It’s my birthday this week. My mother used to tell us on our birthdays the new year that we were beginning. On my ninth birthday she would have said, “You’re beginning your tenth year.” I loved this. It made me sound older.
So, I’m beginning my fortieth year this year. I no longer relish sounding older, but I like that it sounds a little significant. Better than, “I’m turning 39.” That little bit of significance got me thinking about a new project for this fortieth year of mine.
In 2010, I posted a picture on Flickr from each day of the year – my 365 Project. When I began that project, I had no idea what I was getting into. If I had understood how difficult it would be, I wouldn’t have started. I also had no idea how alive all that work would make me feel. Now, six months after finishing, I miss it.
Last night I was rereading Anne Lamott’s book, Bird by Bird. It is a book specifically about writing, but most of the book is applicable to anything creative. Anne Lamont’s dad gave her this advice about writing:
“Do it every day for a while,” my father kept saying. “Do it as you would do scales on the piano. Do it by prearrangement with yourself. Do it as a debt of honor. And make a commitment to finishing things.”
YES. That’s what I missed about my 365 Project. Taking photos every day. Practicing new things and getting better at what I already did well. Knowing every morning that I had some creative work ahead of me. And, finishing at least one photo to be posted. Not surprisingly, my photography improved – a lot.
I still take photos every day, and I post a few when I get around to it. But I miss the goal of doing one every day. My project made me think when I got up in the morning about what might work for a photo that day and if bedtime rolled around and there was still no photo: I had to think fast.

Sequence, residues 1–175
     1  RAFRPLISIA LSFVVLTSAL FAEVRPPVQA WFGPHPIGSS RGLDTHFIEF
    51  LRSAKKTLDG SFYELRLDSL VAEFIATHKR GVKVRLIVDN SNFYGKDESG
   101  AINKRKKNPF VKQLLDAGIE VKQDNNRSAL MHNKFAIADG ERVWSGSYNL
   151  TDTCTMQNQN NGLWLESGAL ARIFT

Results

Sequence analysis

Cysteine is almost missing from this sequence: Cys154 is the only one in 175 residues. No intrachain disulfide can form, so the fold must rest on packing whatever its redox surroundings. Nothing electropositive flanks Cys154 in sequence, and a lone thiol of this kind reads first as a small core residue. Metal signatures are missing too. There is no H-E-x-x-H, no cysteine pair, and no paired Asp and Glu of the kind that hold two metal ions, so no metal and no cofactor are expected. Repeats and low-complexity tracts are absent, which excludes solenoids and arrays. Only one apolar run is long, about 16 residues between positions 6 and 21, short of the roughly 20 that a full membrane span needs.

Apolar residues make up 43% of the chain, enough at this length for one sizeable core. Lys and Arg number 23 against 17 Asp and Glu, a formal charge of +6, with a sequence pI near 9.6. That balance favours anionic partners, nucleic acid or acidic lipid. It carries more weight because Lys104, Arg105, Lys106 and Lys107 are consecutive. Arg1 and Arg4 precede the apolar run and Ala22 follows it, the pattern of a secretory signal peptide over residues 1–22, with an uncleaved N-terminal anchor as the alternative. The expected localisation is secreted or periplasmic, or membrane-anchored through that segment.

But there are some reasons I don’t want to start another 365. I found that when I was doing a photo every day last year, the worst part for me was when I fell behind. The first time it happened was when we went on vacation. I came back and had ten days of photos to get posted. But there was no time to catch up because I had to do the photo for that day. The train just kept rolling and soon I was two weeks behind and it was hard to get excited about doing a photo for the day I was in.
So, I’ve come up with a project that I’m hoping will bring most of the good stuff from the 365, without the parts that I don’t want in my life right now. Here it is: forty photos from my year posted on Fridays: 40 Friday Photos. If I miss a week, I’m moving on to the next week. There’s some room for error.
There was also something I loved but didn’t expect about doing my 365 – camaraderie. My dear brother, Joe, was also doing the 365 Project (he got me started), and some other friends were doing it too. I looked forward to seeing what they’d posted every morning and if they hadn’t posted for awhile, I missed them. Because of these people, I didn’t consider quitting. I was much more inclined to comment and encourage someone who was doing this crazy project too. I was sustained by the encouragement of these friends as I went through the year.
I’d love to have some companions this year as I work toward my goal. You don’t need to be a great photographer (it’s okay if you are) and you don’t need a great camera. You just need a love of photography and a desire to create some of your own photos on a regular basis. Post a photo at 40 Friday Photos. I’ll post my first next Friday, June 24.
I recently heard a story about a man who was considering making a risky but exciting life change. He asked his dad for advice. His dad said, “You have to be very careful. If you think too long you might not do it.”
I haven’t given this too much thought. I’m just jumping in. Join me if it looks like fun.